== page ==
SB: The forensics of victims found in water is quite complex and in many cases there is still a lot of learning going on. My sleuthing was inland and my encounters of “floaters” were limited. I cannot speak in specifics, but can share the broader picture and suggest you Google “Forensics/Water” for more drill down. The temperature of the body found always plays the greatest role in zeroing in on time of death from my perspective. The body loses about 1.5°C per hours (rule of thumb for investigators). And there are more variables when dealing with very cold or very warm water and stagnant or flowing water and different salinities. As you can imagine, the science is very complex and why some forensic experts specialize in these areas. I would look at the skin. If it was rough and pimply, I knew the body was probably not in the water long. If it was already selling and grossly wrinkled it had been there overnight as a general rule (again forensic investigators are not forensic pathologists). The last stage before sloughing off skin is called adipocere. The skin soap-like meaning the body has been in the water many weeks. All during that process there are animal and insect activity. In BLUFF CITY BUTCHER, they find a victim tied under his boat in a lake. The untrained coroner thinks turtles ate his eyes and fingers and toes. Actually the BUTCHER removed the eyes, which Elliott Sumner discovers and links the victim to the string of kills. There is a lot written about “floaters” that you can read.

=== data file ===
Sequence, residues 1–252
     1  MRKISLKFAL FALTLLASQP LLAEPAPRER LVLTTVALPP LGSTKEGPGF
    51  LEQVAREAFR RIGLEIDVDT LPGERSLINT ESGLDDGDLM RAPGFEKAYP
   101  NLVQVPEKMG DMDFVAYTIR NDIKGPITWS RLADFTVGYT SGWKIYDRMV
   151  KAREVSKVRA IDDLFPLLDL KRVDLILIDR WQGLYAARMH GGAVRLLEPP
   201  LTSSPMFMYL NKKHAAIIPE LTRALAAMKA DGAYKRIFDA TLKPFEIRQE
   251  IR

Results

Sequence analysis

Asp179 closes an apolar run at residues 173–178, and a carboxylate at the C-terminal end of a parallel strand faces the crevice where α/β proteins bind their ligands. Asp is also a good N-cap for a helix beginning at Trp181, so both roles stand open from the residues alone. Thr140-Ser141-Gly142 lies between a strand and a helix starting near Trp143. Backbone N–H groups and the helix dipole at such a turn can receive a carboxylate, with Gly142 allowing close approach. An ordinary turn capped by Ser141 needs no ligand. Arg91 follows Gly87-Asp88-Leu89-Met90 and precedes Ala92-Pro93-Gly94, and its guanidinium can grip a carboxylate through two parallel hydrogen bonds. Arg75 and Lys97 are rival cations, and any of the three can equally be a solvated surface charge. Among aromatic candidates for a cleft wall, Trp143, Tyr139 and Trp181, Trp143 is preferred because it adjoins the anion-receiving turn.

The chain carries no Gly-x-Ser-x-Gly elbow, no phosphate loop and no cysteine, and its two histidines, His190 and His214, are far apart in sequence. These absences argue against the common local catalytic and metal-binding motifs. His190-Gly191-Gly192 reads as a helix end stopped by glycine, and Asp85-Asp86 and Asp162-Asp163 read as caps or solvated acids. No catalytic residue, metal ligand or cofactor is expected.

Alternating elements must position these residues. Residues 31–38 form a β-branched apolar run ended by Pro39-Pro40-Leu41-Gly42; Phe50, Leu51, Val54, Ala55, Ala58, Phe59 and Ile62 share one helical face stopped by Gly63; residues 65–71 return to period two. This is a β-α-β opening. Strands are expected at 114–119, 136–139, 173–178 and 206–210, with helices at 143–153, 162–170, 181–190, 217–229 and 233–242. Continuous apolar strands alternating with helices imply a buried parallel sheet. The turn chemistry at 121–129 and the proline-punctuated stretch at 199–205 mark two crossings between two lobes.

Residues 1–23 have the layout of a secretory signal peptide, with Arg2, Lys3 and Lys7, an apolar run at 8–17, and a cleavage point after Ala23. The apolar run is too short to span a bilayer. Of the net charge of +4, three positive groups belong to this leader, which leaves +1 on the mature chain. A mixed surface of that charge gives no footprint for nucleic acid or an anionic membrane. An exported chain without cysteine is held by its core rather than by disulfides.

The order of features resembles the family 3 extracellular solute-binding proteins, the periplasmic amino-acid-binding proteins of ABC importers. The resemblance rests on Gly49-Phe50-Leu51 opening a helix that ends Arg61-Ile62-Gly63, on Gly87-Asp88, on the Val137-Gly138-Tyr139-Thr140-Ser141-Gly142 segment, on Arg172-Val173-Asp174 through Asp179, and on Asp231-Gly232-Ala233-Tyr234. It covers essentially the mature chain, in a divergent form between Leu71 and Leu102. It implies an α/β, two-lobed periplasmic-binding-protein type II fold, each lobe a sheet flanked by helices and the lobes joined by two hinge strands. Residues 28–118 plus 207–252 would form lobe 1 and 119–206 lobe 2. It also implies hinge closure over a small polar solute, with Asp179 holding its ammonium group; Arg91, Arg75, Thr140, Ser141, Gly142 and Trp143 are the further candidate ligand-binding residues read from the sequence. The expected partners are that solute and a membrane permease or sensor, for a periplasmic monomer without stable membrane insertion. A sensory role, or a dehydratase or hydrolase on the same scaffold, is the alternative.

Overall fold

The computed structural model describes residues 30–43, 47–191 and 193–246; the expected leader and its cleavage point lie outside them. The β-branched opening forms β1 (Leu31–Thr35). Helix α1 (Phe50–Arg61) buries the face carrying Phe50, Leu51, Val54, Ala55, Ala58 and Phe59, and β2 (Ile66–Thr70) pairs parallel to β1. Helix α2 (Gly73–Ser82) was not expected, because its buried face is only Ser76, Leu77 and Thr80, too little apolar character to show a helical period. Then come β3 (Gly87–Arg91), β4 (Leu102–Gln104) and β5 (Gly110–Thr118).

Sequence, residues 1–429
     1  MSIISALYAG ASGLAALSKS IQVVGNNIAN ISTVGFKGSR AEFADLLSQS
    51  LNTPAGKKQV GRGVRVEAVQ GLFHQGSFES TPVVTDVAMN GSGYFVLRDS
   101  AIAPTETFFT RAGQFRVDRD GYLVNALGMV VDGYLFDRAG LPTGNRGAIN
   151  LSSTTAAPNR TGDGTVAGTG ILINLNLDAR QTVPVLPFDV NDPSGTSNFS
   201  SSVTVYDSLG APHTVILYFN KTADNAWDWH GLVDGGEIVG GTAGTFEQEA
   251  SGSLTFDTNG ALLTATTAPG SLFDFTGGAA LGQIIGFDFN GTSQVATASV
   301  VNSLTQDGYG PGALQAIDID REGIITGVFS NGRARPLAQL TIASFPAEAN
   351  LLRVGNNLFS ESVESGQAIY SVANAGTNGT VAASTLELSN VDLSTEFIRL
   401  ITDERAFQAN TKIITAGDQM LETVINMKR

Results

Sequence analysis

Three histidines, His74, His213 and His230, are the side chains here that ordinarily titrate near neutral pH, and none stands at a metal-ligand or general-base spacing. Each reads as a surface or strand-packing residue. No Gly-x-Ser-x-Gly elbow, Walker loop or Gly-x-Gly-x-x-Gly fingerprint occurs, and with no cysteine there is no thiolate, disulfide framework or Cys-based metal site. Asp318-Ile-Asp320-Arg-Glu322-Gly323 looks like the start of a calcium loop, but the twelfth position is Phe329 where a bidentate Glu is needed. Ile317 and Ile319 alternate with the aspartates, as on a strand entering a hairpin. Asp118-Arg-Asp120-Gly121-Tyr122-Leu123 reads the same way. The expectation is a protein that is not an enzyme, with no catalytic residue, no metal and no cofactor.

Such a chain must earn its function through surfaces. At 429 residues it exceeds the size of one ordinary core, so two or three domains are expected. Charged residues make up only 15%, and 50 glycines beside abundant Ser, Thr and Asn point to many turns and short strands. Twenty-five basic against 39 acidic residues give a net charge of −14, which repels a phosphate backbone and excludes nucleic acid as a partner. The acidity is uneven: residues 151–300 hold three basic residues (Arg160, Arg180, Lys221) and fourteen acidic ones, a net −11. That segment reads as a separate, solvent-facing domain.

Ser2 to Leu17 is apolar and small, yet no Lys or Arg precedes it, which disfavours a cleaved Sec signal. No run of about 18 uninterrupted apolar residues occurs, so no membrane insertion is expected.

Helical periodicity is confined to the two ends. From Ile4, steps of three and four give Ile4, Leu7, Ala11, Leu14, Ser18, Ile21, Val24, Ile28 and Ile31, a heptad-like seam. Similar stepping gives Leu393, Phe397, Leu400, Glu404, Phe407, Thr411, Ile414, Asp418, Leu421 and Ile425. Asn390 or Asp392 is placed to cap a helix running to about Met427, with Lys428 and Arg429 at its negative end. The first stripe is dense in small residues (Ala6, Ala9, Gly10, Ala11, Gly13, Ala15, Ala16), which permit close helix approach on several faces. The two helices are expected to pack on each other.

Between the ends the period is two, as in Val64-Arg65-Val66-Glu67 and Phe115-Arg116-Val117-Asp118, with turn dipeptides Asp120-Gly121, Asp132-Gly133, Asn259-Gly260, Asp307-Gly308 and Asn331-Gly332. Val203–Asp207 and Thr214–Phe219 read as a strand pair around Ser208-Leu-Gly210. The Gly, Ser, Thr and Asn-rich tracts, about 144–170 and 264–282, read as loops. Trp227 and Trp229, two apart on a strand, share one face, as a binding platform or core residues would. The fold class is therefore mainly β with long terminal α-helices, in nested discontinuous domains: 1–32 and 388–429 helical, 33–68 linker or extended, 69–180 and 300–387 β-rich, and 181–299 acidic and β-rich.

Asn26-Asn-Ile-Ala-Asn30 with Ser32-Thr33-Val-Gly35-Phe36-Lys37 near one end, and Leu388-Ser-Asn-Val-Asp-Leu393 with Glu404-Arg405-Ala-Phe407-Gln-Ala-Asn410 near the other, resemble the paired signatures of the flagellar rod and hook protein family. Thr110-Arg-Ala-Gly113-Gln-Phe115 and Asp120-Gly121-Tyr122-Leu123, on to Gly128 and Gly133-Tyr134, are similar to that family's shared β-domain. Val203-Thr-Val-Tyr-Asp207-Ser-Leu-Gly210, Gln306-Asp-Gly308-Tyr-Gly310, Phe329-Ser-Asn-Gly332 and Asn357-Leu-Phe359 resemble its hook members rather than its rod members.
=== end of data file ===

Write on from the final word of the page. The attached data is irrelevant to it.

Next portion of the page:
S Jenan said...
AHHH! I'm doomed by Eastern Time. I'll throw my question in the hat anyway:
Body left under heating blanket to disguise time of death. Discovery is approx. 2 days later. How close can the coroner pinpoint TOD using other indicators?